The self-taping auditions issue is one the guild says is “unregulated and out of control.” The problem here is that actors are expected to record pages and pages of scripts, spending hours and hours of uncompensated time recording themselves for productions. Whilst some of that is expected, in recent years, the practice appears to have become the default for production companies, putting a huge amount of pressure on the lives of performers. SAG-AFTRA understandably want to agree on rules and options for production companies to follow to make sure performers are not being exploited.

Now we come to the last two points… and this is where things get really tricky…

Streaming Residuals

Streaming residuals (the money paid to performers) are more of an issue, as streaming services are extremely secretive over exact streaming numbers for shows, and how much a show is making for the service. This is further complicated by the fact there is no one way this is calculated. For years, if you wanted to know if a movie was successful, you looked at the box office figures. For TV, you looked at the Nielsen ratings (a common, standard rating format for US network TV.) With subscription streaming, due to the various revenue models, the value of a show to, say, Disney+, and how Disney calculate that value, could be wildly different to how Netflix calculate a show’s value. And all the streaming services are… extremely reluctant… to give away any secrets as to how their algorithms operate and their exact subscriber numbers.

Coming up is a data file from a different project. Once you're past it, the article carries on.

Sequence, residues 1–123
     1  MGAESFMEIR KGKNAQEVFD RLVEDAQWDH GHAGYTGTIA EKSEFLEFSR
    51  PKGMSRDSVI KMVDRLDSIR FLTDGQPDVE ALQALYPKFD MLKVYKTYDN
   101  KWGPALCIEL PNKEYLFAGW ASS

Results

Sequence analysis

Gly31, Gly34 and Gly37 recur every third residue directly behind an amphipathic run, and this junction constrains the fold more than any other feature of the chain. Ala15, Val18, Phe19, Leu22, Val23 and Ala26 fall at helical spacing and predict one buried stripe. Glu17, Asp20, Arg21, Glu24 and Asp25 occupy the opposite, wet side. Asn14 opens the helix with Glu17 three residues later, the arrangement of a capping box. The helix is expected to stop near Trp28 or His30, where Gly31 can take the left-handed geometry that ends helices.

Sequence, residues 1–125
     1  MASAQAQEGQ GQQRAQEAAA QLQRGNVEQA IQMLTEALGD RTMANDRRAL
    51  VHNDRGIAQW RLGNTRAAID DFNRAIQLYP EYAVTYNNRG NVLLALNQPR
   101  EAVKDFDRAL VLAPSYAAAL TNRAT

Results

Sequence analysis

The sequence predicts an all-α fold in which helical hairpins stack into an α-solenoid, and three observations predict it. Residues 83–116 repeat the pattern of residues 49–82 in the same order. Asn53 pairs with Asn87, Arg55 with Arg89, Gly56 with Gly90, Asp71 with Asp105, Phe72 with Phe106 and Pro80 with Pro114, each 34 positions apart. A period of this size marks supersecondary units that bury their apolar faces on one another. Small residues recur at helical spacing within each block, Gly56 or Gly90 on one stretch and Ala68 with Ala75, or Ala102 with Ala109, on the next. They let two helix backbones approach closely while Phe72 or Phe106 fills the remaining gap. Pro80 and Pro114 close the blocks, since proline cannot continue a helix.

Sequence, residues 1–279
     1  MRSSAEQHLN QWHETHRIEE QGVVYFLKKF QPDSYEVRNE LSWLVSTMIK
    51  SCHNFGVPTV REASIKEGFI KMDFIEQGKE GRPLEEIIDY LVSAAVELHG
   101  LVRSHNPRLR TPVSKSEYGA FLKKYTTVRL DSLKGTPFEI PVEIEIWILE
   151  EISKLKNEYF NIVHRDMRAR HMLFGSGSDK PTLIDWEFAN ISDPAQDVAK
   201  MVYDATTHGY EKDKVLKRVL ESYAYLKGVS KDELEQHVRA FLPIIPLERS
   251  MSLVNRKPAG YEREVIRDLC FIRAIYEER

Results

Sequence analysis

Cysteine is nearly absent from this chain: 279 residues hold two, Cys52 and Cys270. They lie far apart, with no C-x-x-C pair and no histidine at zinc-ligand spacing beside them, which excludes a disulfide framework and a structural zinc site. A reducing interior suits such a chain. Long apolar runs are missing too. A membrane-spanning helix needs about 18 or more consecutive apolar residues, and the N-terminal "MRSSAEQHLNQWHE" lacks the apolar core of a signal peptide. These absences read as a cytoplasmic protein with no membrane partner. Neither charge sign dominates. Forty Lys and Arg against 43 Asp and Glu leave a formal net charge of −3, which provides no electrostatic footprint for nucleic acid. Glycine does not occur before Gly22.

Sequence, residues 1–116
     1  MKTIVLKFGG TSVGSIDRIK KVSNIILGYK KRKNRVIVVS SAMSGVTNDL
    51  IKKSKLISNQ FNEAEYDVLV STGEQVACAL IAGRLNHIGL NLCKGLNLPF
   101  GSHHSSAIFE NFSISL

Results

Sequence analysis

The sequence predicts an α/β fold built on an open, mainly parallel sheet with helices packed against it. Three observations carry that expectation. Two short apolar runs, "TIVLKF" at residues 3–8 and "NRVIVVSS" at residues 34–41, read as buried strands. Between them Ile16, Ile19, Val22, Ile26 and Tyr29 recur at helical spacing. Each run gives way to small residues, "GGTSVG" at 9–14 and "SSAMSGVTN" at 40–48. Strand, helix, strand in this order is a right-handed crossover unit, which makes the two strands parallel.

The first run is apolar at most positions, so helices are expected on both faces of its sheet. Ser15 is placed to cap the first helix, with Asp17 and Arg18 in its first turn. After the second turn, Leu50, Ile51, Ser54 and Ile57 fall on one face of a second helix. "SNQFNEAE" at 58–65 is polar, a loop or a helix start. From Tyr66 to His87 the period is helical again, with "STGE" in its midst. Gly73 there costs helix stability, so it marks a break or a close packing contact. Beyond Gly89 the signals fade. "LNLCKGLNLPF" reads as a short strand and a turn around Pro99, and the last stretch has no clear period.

The streaming residuals issue is complex, but I’ll try and give you a simple overview. Currently, streaming residuals are calculated based on the amount a performer was originally paid for the role and the number of subscribers on the streaming platform, not the number of people watching the show itself. This raises a couple of problems. Firstly, the streamers don’t want to share that exact subscriber data, which makes it very hard for the actor and SAG-AFTRA to verify if the residuals they are getting are correct. Secondly, you could be on a show which is watched by millions or billions of people around the world, but, the actor’s initial fee on that series or movie was low, meaning their residual is way lower than it really should be, as it isn’t based on the show’s popularity. Under this model, a high-paid established actor in a series which is a flop would continue to get massively more residuals than a less well-established actor on a smash hit series. It’s a wonky and unfair model which needs correcting. However, some transparency is going to be needed from the streamers to break the strike, and the streamers do not want to give up the information.